Consider what’s important for your farm before signing lease

SPOKANE — When it comes to leasing farmland, experienced farmers say it’s important that the ground meet as many of their needs as possible.

Several farmers spoke during a panel about helping farmers and landowners connect at the Tilth Alliance conference Nov. 10 in Spokane.

Some of the top items they consider are access to water, housing availability/proximity, soil, cropping history and market access.

“Water access is a tough one,” said Julie Kintzi, Enumclaw, Wash. farmer. “Land may not have water rights any more, may not have a well, it may just be city water, (but) the question still needs to be asked.”

“Soil is working on a long game, and we’re only here for a short time,” said College Place, Wash., farmer Chandler Briggs. “My approach has been, don’t mess with soil that isn’t good.”

“Find out what your non-negotiables are first,” said Amy Moreno-Sills, Puyallup, Wash., farmer and PCC Farmland Trust farm to farmer coordinator. She needed water rights and a Pierce County location.

Moreno-Sills is in the process of improving soil fertility on the leased ground.

“We couldn’t get a radish to bulb at all — it’s like the easiest thing, ever — so we went into quite a bit of personal debt that first year because once you get all the crops in the ground and realize nothing’s going to grow, you’re already in it,” she said. “In the off-season, we’ve been applying as much compost and dairy manure that our pocketbooks will allow us to buy.”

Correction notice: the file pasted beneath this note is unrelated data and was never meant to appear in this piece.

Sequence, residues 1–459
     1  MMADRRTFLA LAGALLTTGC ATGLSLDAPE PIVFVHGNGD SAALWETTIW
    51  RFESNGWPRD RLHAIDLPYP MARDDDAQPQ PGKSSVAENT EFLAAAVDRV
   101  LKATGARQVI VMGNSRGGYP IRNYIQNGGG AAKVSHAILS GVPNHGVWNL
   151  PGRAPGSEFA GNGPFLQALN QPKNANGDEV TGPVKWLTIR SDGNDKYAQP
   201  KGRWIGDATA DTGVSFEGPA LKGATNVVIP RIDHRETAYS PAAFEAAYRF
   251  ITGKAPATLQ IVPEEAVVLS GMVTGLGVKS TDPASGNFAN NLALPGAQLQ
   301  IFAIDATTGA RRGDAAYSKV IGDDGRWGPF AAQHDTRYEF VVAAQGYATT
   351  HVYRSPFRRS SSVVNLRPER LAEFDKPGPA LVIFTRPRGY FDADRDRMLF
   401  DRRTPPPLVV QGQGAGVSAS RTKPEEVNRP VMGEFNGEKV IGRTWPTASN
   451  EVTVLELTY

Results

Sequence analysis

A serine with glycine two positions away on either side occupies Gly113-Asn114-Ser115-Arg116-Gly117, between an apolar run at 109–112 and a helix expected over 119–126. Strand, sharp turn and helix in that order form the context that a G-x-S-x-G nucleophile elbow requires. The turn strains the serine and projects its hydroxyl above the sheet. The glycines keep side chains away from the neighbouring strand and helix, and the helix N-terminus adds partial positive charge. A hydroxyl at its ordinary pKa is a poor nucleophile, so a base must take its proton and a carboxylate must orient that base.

Moreno-Sills uses a custom-blend organic fertilizer, which she calls “vegetable crack,” because it’s the only thing that lets her crops grow, she said.

Things are slowly improving after two to three years, Moreno-Sills said. She expects at least seven years before the land is recovered to the point the custom fertilizer isn’t necessary.

Briggs works on leased ground. His leases are up every two years.

“I have been a farmer seeking land, and I still am a farmer seeking land to own,” he said.

Briggs said he keeps his equipment as mobile as possible, the better to move on to a new location.

Jim Baird of Ephrata, Wash., renews a three-year lease each year. If the landowner or farmer decides to end the lease, they still have two more years before the agreement ends, he said.

Good communication between landowner and farmer is critical, the panelists say. They recommend determining early which payments, improvements or repairs belong to the landowner and to the farmer.

“You’ve got to move into the uncomfortable now, so it’s not way more uncomfortable later,” Briggs said.

Kintzi recommends a formal agreement for both the farmers and landowner’s protection.

Kintzi is also the coordinator for FarmLink, which is in the process of launching an improved, simplified website in the next month to connect farmers seeking land with landowners.

Kintzi estimates the search ratio is eight farmers for one piece of land.

“There are just a lot more farmers looking for land,” she said. “It takes more effort, hand holding and education to bring farmland owners onto this site to get them to post an ad.”